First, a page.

Throughout his career he exhibited extensively and his works are found in every major Kansas art museum and larger museums throughout the United States and Sweden. Birger Sandzén was a founder of the Midwest Art Exhibition, held annually since 1899 in Lindsborg, and the Smoky Hill Art Club.  He organized the Prairie Water Color Painters in 1933 and was a charter member of the Prairie Print Makers in 1930.  He was a member of the Philadelphia Water Color Society; the New York Water Color Club; the Society of American Etchers, Gravers, Lithographers, and Woodcutters; the Taos Society of Artists; and other important professional groups.

He was constantly in demand as a guest artist and instructor, teaching at the Broadmoor Art Academy (later the Colorado Springs Fine Arts Center), the Chappell Summer School in Estes Park, Stephens College, the Kansas City Art Institute, Utah State College and the University of Michigan.  He refused many permanent positions at other outstanding institutions because of his dedication to Bethany College and Lindsborg.  He also gave lectures on art throughout the region.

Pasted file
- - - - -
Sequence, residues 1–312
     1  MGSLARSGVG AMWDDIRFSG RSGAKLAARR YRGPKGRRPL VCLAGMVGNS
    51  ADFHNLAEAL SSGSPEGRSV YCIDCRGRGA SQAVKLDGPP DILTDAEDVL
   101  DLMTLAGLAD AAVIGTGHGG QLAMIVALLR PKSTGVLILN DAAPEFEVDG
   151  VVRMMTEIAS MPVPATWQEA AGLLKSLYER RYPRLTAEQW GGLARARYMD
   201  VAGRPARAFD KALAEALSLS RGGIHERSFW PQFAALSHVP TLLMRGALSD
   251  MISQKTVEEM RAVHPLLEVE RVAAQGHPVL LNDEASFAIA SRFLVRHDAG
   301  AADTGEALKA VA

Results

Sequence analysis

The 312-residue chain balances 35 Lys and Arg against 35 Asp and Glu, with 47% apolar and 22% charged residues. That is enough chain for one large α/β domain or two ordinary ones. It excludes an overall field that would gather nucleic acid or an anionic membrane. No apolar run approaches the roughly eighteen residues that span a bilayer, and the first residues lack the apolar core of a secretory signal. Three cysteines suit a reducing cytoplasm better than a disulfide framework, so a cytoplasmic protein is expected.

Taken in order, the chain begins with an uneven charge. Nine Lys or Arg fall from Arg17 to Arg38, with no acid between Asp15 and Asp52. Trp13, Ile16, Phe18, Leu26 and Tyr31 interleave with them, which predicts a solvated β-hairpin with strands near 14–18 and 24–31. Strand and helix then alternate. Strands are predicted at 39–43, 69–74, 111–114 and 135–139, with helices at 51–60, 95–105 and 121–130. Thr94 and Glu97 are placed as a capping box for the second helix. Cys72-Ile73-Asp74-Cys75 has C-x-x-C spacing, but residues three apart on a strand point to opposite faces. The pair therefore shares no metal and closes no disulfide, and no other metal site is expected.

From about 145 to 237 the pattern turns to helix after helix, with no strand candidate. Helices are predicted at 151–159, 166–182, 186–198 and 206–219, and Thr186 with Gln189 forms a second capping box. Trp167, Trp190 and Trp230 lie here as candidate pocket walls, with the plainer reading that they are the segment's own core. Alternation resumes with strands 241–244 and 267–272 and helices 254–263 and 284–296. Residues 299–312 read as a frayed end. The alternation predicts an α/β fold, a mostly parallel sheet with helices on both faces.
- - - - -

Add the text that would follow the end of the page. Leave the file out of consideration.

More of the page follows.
Birger Sandzén received honorary doctorates from Midland College in Nebraska, the University of Nebraska in Lincoln, and Kansas State University in Manhattan, Kansas. In addressing the art of Sandzén, critics have continually praised his efforts.  M. K. Powell, Art Critic of the Kansas City Star, wrote "Birger Sandzén is an artist of strong uncompromising creative vision, a pioneer interpreter of the great wonders of the West.  His craftsmanship in several media is equal to his vision."  Paris art critic, Guiseppe Pelletieri, wrote "Birger Sandzén is the poet-painter of immense sun-washed spaces, of pine-crowned luminous, gigantic rocks, and of color-shifting desert sands.  The spectator is amazed at this captured beauty.  This dreamer-painter is truly a master."  Perhaps highly regarded art historian Dr. William Gerdts summed Sandzen's career best he wrote "Sven Birger Sandzén was the most influential – and one of the most original – artists in the history of Kansas."